a! the same lime expressed my a-toiii-hiiieut at
hi: affirmation. To convince me lie Cille l tho
.steward of the boat, and ordered hint t.
a fresh pack of c ifds, which were i.rou-hf, and
he handed the pack to uc, bidding me slmfll;
them. 1 did so, when he immediately selected
nearly eveiy are aud king from the pack, with
out iookiug at thit faca of tnctu. Next he dealt
them in two parcels, when, upon examination,
1 found thai, all lite cards of real value in the
game were iu his hand, although 1 could not
detect the least unfairness as he de rit them.
"You see," said he smiling at uiy 1 ,r >fc of as
tonishment, "the advantage an expert in
iiruters h is even over a skillful player."
"1 do, indeed," I replied, astonished at my
fellow traveller's dexterity, uu'i beginning to
think that ue might be a retormed gambler, or
one playing the possum for some purpose 01 oth
er, but us tie did not urge or even invite me to
plav, nor bal playe.l with any one else, and
threw the curds aside with an expression of
disgust too natural to he assumed, 1 came to
the conclusion that my travelling acquaintance
was a riddle yet to he soled.
Sarly the next morning the boat arrived at
New Oilcans, and amid the hurry and bustle
of disembarkation, 1 lost my friend, the Keu
tuokian, not seeiug him to bid him adieu. The
same evening however, after visiting the thea
tre, I was ctij iving 'he cool air and the fra
grance of a Havana, in the rotunla of the St.
Charles lintel, and conversing with a friend
from iho North, whom I had fortunately met,
when who in should 1 eucouutot but uiy steam
boat friend.
After the usual erecting our conversation
turned upon our trip down the fiver, our fellow
passengers Ac. witen my fellow traveler remark
ed if 1 would like to witness the interior of a
gambling house or "hell," as it is sometimes
utore appropriately called, he would be pleased
to show it to us as one of the sights or "lions"
of the city. Never having witnessed anything
of the kind, both 1 aud tuy friend assented; and
after a short w.iik found ourselves withiu the
precincts of one ot those glittering au i gor
•vouslv furnished establishments —vestibules
to the infernal regious —where meu were enga
ged in various games at hizsrd.
The interior ofgimblmg houses has too fre
quently been described to ueed a repetition.—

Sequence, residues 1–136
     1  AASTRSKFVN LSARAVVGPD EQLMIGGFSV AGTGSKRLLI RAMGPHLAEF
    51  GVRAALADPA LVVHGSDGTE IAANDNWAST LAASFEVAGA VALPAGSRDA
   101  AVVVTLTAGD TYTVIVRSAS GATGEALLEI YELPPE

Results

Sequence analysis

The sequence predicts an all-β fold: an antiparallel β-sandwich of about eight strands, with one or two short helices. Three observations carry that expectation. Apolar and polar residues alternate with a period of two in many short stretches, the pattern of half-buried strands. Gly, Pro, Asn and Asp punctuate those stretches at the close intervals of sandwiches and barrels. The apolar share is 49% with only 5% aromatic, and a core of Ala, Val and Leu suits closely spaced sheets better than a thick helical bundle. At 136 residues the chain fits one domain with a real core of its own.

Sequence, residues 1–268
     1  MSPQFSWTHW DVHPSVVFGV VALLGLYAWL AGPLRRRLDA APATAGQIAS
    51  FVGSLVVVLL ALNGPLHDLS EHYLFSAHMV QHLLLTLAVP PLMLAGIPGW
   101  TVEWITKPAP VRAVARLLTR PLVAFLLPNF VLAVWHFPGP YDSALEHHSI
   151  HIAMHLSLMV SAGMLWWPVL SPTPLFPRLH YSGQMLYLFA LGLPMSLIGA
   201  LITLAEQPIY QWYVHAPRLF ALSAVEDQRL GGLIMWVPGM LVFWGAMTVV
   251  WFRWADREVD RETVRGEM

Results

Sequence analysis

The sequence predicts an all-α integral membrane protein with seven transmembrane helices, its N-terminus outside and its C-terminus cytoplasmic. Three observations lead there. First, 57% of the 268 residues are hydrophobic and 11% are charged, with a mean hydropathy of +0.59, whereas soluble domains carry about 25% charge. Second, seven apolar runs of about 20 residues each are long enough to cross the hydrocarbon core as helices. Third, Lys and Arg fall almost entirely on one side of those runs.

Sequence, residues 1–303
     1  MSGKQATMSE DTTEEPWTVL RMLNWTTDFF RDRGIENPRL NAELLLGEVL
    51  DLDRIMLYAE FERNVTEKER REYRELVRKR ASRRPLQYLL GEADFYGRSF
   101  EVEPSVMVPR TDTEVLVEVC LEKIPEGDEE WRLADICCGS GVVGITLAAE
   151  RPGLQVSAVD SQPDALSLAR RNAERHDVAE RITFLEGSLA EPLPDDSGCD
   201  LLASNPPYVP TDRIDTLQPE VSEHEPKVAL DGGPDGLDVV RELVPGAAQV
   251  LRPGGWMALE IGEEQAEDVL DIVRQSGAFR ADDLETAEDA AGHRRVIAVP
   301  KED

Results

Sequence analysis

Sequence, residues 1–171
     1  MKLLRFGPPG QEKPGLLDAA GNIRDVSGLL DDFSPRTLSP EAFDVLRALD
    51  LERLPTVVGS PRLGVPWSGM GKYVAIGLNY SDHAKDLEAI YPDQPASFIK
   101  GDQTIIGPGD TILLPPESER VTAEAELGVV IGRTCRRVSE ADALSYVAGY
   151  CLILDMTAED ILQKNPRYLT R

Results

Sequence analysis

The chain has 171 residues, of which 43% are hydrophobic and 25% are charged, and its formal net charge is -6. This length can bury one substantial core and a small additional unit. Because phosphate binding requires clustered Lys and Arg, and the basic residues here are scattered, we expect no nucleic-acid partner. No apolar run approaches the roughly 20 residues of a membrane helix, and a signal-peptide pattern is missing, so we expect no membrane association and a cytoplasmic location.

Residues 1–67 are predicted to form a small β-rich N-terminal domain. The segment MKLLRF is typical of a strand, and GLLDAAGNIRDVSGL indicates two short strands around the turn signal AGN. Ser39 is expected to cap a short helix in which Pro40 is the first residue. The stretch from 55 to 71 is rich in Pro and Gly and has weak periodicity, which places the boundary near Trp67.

The Fato Bmk, with its crowd of betters—the
R,u re *t .Voir labia, with its anxious circle,
and gtoups of players at other guuiosoi which
I was ignorant of the name, were all busily
engaged us we entertd. We had passed throuyb
two apartments, aud had reached a third, in
which were but four players, pljying in pairs
at different tables. As we entered we sat at
an uuoc<ipid table for a moment, when as we
did so. we heard one ot the two men nearest us
av to his opponent:
" fit,it's the last dollar, luck is yours, aud
I'm C etilled out."
"iiiM vou wear a good ring," said his oppo
nent. '•See! I give you a ohunee tor revouge.
I'll b c't my ring against your's on the ntxi
gunc. I.hi a ring 1 won at pi ty t'rotn a Ken
tucky b>v, who eitne to New Oilcans to nee
ihe Mgkts," siid lie carelessly.
How little did he know those words so tight
ly spoken had sealed his doom!
"No," said ht.s opponent, rising. I'll meet
you to morrow :iihl. 1 uon't pledge uiy jew
elry yet."
A 3 the player who was sitting with his back
partially toward us, mentioned Kentucky in his
conversation, 1 saw Thorn listen with eager
ness, on 1 us lie twisted the rine he offered to
bet upon his tingor, I saw the Kcutoekian turu
deadly pale.
His eyes glowed like fire for an initant, then
'tis duutenrnee as .sunied its usual calm and
I | lucid l<ok, an.f to our auiczemsnt he rose and
walked across rtv* vuputauut .o the player, Who
h id j ist been lift by his companion, and cour
teous! v proposed to rrv a hand with hiui, if .1-